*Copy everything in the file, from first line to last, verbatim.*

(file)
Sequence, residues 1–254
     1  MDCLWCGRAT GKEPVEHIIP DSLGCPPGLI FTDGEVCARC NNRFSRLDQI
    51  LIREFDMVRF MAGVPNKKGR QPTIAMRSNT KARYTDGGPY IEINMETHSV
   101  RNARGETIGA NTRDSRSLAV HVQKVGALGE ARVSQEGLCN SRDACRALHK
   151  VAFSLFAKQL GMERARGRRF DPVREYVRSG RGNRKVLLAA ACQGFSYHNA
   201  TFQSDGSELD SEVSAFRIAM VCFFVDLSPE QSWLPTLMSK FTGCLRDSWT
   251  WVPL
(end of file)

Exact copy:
Sequence, residues 1–254
     1  MDCLWCGRAT GKEPVEHIIP DSLGCPPGLI FTDGEVCARC NNRFSRLDQI
    51  LIREFDMVRF MAGVPNKKGR QPTIAMRSNT KARYTDGGPY IEINMETHSV
   101  RNARGETIGA NTRDSRSLAV HVQKVGALGE ARVSQEGLCN SRDACRALHK
   151  VAFSLFAKQL GMERARGRRF DPVREYVRSG RGNRKVLLAA ACQGFSYHNA
   201  TFQSDGSELD SEVSAFRIAM VCFFVDLSPE QSWLPTLMSK FTGCLRDSWT
   251  WVPL